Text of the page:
19th century ethnographic collections

The systematic description of cultures – ethnography – included collecting objects for studying and illustrating the diversity of human culture around the world and the particularities of daily and ritual life of “Others”.

Photo of Kilian Stobaeus Exotica
In the early 19th-century the colonial enterprises, as well as the scientific interest in non-European nature, cultures and societies continued to develop. The latter gave birth to the practice and discipline of ethnography (the systematic description of cultures), which included collecting objects for studying and illustrating the diversity of human culture around the world. The emerging ethnographic museums displayed material culture as being connected to the particularities of daily and ritual life of “Others”. They became repositories of Western knowledge of the world symbolically expressing the supposed advancement of the West in relation to the rest of the world.  

Most of the ethnographic objects at the Lund University Historical Museum were collected during the 19th century. Some of them came from the early circumnavigations. The first voyage around the world under Swedish flag was undertaken by the brigantine Mary Ann in 1839–1841. This voyage was outfitted by an industrialist Carl Fredrik Liljewalch. Liljewalch, who, among many other things exported timber to Australia, sponsored two more around-the-world-voyages, in 1842–1844 and in 1844–1846, with the brigantine Bull. Liljewalch donated and sold a number of objects, mainly from Oceania, to the museum.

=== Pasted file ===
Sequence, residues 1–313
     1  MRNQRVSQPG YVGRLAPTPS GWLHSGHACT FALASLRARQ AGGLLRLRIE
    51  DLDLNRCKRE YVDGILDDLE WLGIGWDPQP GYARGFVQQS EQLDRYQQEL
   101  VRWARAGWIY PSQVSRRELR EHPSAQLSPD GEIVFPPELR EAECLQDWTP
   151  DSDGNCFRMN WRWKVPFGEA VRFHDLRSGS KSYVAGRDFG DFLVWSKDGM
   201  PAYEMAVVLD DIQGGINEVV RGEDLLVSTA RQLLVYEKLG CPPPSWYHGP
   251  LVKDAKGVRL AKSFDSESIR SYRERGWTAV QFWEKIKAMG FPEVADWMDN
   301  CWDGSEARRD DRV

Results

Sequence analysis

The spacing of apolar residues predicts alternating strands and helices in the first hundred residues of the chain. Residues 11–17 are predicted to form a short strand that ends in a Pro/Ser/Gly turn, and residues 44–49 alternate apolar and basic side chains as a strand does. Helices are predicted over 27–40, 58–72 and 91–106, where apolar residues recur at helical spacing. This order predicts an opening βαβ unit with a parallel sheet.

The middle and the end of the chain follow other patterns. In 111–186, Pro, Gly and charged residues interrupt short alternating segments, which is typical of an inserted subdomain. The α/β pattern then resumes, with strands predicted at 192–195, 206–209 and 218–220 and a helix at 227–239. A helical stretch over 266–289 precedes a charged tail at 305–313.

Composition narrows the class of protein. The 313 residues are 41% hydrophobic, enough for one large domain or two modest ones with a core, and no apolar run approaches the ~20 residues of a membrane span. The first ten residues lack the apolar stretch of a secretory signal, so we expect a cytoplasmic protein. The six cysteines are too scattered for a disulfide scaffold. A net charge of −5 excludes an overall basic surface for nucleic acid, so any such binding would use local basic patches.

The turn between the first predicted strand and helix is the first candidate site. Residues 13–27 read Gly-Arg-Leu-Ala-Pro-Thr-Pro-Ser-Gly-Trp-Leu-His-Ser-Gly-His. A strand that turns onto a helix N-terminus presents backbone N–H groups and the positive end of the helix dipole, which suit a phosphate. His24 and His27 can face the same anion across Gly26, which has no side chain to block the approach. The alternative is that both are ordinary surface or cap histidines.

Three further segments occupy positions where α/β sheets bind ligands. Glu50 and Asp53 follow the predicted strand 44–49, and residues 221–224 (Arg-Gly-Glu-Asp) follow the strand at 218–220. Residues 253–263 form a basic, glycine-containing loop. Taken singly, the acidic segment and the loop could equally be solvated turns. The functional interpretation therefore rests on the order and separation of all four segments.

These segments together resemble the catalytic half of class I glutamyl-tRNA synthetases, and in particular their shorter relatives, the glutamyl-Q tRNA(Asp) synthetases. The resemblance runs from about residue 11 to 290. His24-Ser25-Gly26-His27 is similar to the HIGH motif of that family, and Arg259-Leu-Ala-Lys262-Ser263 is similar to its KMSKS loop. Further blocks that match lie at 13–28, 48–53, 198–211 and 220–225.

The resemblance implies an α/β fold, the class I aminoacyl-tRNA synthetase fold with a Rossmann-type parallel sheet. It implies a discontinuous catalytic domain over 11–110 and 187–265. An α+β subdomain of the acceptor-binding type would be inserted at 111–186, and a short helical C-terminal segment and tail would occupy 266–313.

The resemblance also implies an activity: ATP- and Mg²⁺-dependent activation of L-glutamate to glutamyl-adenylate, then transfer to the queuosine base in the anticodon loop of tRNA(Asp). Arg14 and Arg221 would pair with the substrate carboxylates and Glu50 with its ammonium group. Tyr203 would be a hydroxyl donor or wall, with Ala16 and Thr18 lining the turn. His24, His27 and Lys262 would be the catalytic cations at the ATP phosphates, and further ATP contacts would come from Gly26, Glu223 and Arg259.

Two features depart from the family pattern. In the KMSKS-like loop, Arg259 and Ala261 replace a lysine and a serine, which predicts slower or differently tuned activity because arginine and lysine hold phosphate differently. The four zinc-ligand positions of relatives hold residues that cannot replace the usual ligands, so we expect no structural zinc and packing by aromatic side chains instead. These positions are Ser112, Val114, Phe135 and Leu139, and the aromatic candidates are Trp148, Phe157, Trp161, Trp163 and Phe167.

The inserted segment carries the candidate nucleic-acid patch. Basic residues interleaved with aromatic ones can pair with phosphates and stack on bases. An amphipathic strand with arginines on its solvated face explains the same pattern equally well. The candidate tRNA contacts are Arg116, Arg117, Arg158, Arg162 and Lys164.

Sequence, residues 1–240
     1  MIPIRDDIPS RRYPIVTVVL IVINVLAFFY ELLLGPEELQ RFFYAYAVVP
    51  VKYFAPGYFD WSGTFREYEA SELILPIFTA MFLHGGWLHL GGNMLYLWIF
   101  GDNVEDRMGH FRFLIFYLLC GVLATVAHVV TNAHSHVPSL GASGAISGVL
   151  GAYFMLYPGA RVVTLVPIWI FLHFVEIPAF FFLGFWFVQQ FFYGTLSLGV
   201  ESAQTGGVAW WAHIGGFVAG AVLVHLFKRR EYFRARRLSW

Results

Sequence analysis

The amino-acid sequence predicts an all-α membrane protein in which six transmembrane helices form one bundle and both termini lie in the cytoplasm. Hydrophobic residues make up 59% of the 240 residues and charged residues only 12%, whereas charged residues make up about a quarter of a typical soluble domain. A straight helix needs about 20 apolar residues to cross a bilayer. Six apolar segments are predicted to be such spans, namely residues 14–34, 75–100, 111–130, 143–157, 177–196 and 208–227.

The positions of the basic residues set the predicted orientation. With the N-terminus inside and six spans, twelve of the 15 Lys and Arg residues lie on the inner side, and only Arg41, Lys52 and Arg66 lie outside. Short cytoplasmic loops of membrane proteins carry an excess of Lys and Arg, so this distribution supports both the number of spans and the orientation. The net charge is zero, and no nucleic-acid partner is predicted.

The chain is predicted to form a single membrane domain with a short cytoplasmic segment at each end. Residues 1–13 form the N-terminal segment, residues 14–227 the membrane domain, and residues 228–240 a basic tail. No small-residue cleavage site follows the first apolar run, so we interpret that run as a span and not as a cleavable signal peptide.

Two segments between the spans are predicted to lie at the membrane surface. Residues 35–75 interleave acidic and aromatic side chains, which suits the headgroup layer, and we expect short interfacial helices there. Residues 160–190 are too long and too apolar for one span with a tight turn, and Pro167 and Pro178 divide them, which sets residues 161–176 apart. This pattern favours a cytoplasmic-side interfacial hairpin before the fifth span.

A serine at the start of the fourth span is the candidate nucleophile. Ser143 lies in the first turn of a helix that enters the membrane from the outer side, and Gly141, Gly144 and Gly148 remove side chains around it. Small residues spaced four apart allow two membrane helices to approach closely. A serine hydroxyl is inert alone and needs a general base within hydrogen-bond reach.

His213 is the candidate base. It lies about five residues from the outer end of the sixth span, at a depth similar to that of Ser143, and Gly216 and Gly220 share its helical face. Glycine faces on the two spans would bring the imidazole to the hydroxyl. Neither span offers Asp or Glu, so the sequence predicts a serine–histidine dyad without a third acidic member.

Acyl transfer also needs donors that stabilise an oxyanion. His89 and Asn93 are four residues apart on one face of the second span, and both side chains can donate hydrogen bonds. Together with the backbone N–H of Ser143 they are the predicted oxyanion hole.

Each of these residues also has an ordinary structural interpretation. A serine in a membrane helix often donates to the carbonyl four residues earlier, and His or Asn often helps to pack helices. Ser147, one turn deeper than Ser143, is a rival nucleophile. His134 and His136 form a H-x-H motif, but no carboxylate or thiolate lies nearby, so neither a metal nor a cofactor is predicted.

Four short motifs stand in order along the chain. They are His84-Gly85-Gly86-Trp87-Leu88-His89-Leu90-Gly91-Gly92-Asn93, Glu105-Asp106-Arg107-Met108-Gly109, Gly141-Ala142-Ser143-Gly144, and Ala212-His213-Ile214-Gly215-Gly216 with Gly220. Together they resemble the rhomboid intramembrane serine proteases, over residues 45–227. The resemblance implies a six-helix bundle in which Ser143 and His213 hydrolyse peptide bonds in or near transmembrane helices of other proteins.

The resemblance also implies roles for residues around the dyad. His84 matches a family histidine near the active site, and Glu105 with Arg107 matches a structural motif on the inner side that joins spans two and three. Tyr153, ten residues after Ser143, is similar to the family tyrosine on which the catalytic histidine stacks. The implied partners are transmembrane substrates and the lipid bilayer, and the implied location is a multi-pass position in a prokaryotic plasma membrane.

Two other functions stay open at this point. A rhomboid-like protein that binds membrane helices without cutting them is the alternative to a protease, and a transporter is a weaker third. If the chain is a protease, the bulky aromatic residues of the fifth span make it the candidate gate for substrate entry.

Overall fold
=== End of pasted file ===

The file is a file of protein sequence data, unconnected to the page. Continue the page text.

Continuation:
The first Swedish naval voyage round the world was undertaken by the frigate Eugenie in 1851–1853 under the command of Christian Adolf Virgin. This expedition had political, mercantile and scientific purposes, and assembled natural history objects (donated to the Museum of Natural History in Stockholm) as well as considerable ethnographic collections. This collection seems to have been dispersed to different museums in Sweden. Lund University Historical Museum received some of the South Pacific objects through a donation from Virgin in the 1850s.   

The museum’s collections also increased through donations from professor Matthaeus Fremling in 1823, who bequeathed objects from China and Sápmi (Lapland), professor Sven Berggren who donated objects from Oceania and through anonymous gifts. The museum also bought objects, including a large collection of artefacts from Asia, Oceania and the Americas owned by professor Sven Nilsson.

Exploring the ethnographic collections will soon be possible.